It took two appeals but the 9th Circuit made it clear this time that a houseguest allowing drug agents to come into your home isn’t the same as you giving consent to search.
The appeals court Friday ordered suppression of evidence found during a “knock and talk” investigation of a Riverside house in which they found five packages of methamphetamine, a Gucci bag containing $175,000 in cash and a shoebox with white powder.
The 9th U.S. Circuit Court of Appeals panel said the agents knew far too little to have a reasonable belief that the houseguest could consent to a search of the master bedroom and bathroom or the garage.
The panel ordered the trial judge to grant Omar Arreguin’s motion to suppress evidence seized in the 2008 search.
Arreguin pled guilty conditionally to allow him to appeal the trial judge’s refusal to suppress evidence from the search. The circuit reversed in 2011 and sent the case back for further hearing. U.S. District Judge Virginia Phillips once again refused to suppress the evidence. Arreguin appealed again and this time the 9th Circuit said, toss the shoebox, the Gucci bag and the money as fruits of an unconstitutional search.
Whether the five bags of meth should also be suppressed as “fruits of the poisonous tree” will go back again to Phillips.
Agents got permission from houseguest Elias Valencia, Jr., to “look around” the house after Valencia answered their knock. The agents knew almost nothing about the house but they didn’t ask Valencia questions. Instead, they rushed past him and started “rummaging around the Arreguins’ home, inspecting various rooms.
Agents learned Arreguin’s wife, Maria ledesma-Olivares, was an illegal alien and they promised not to report her to immigration if he cooperated. By this time the agents had discovered the shoebox and the bag of money. Arreguin then signed a consent-to-search form and told agents to a secret compartment in his car that held the methamphetamine.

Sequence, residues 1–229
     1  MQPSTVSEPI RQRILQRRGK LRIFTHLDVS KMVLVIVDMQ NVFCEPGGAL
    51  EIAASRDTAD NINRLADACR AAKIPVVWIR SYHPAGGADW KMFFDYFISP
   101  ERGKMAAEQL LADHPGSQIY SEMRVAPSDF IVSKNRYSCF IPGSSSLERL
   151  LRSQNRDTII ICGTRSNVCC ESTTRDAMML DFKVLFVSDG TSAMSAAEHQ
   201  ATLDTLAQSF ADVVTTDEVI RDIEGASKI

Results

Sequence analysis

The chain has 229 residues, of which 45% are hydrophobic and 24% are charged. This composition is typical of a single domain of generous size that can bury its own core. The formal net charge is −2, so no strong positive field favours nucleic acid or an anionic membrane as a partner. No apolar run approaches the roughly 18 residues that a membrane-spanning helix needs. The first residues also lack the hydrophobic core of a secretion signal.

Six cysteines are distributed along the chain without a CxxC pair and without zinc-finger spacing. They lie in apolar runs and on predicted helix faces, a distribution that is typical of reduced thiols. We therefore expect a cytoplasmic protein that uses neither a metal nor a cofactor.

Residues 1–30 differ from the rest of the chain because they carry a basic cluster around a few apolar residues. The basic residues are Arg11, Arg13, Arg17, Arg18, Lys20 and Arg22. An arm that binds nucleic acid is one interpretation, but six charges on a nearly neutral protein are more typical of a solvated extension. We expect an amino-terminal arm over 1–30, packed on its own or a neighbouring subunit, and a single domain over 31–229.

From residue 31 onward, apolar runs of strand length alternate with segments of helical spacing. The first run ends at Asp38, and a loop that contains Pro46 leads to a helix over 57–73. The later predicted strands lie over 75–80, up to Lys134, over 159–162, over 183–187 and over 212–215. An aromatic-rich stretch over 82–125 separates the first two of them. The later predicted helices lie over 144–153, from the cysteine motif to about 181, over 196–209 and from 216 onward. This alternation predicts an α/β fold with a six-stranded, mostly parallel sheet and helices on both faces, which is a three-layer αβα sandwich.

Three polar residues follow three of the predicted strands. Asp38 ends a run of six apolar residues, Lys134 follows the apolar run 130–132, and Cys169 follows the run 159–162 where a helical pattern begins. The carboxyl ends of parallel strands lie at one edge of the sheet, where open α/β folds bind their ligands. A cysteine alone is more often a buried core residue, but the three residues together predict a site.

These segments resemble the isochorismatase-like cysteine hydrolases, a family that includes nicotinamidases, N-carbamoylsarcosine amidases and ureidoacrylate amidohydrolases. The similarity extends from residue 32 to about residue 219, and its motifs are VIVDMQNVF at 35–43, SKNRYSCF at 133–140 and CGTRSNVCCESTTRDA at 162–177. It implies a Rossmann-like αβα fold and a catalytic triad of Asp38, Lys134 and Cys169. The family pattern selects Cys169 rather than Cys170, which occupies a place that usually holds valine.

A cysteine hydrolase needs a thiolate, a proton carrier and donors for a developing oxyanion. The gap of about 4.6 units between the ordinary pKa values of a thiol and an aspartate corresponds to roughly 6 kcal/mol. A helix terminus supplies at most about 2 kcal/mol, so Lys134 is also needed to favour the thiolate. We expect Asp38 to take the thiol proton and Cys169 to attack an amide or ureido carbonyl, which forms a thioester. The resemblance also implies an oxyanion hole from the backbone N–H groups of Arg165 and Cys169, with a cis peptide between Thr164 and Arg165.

Arrreguin and his wife’s failure to object to Valencia’s initial permission for the agents to come in the home didn’t change things for the court.
“The police are not allowed to proceed on the theory that ignorance is bliss,” said Judge Alfred Goodwin, quoting from another case. He said the agents were in “near ignorance” when they searched the master suite and looked behind a door in the bedroom that lead to the garage.
“Valencia’s answering of the residence door is not, in and of itself, adequate to justify a reasonable belief that he had authority to consent to a search of the master suite,” Goodwin wrote.
Failure to inquire about whether Valencia had access or control of the bedroom weighed against the government, he said.
They suppressed the money and powder-covered shoebox. But the court sent back to Phillips the question of whether the five bags of methamphetamine should also be suppressed.
Case: U.S. v. Arreguin, No. 12-50484